For the first time, the UPOEG and the CRAC, which have been divided on important issues, acted in concert for common interests. Both organizations fear state and federal authorities intend to disarm their respective community police forces, which were established to fill a security vacuum, and absorb them into a state-run rural police system.
“We are formed by the people and answerable to them,” said Miguel Vitrago Reyes, coordinator of the community police in Huamuxtitlan. “We don’t owe the government, and we will continue working in the same way as our rules establish.”
Both the UPOEG and the CRAC are rooted in indigenous communities that have the right to create their own security and justice systems under Guerrero state law. Nonetheless, the legality of self-defense organizations in mestizo communities where the UPOEG is also active is murkier.
In the neighboring state of Michoacan, meanwhile, the Mexican army swooped into the indigenous Nahua coastal community of Aquila after members of a self-defense group there detained a soldier. No gunfire was reported, but the atmosphere was said to be tense. Units from the Mexican navy, air force, federal police and the Michoacan state police reportedly participated in the August 5 operation.
This week’s conflicts between the Mexican army and self-defense forces, which have different histories and trajectories, add to the volatile political and social panorama in Guerrero and Michoacan. Also raising the political temperature was the August 5 assassination of Raymundo Velazquez Flores, leader of the Emiliano Zapata Revolutionary Agrarian League, who was found executed along with two other members of the group in Coyuca de Benitez near Acapulco.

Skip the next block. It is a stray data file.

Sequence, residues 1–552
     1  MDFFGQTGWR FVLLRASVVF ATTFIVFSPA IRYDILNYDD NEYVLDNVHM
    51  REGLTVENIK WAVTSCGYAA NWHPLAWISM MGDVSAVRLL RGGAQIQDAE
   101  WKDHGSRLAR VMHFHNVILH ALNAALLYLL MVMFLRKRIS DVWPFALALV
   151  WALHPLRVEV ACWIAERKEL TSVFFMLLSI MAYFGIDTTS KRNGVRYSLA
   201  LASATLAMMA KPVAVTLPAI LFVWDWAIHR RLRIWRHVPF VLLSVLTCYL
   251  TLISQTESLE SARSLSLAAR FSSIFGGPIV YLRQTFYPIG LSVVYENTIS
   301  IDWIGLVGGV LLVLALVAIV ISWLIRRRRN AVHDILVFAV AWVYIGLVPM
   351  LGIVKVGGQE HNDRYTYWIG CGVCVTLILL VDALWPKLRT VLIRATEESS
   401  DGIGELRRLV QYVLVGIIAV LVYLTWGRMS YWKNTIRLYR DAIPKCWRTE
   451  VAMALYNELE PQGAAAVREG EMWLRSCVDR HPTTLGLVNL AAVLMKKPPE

Velazquez’s murder was widely condemned by political leaders and activists from social movements. His killing followed the recent murders of Arturo Hernandez Cardona and three other members of the Iguala Popular Unity organization in Guerrero.
“It’s very regrettable that social activists are criminalized,” said federal legislator Rosario Merlin Garcia of the PRD party. “If they don’t stop hunger and disease, they might have to kill a lot more Mexicans.”
Negotiations between state and federal officials and leaders of the Guerrero self-defense movement were proceeding as the week drew toward a close.
Sources: La Jornada, August 8, 2013. Article by Sergio Ocampo. El Sur, August 6, 7 and 8, 2013. Articles by Lourdes Chavez, Zacarias Cervantes, Rosalba Ramirez Garcia, Luis Blancas, Fernando Hernandez, Francisco Magana, and editorial staff. La Jornada (Guerrero edition), August 5, 6, 7, 8, 2013. Articles by Margena de la O, Hector Briseno, Citlal Giles Sanchez, Salvador Cisneros Silva, Hercilia Castro, and Rodolfo Valadez. El Universal, August 5 and 6, 2013. Articles by Dalia Martinez and Adriana Covarrubias. Proceso/Apro, August 5 and 6, 2013. Articles by Ezequiel Flores Contreras and editorial staff.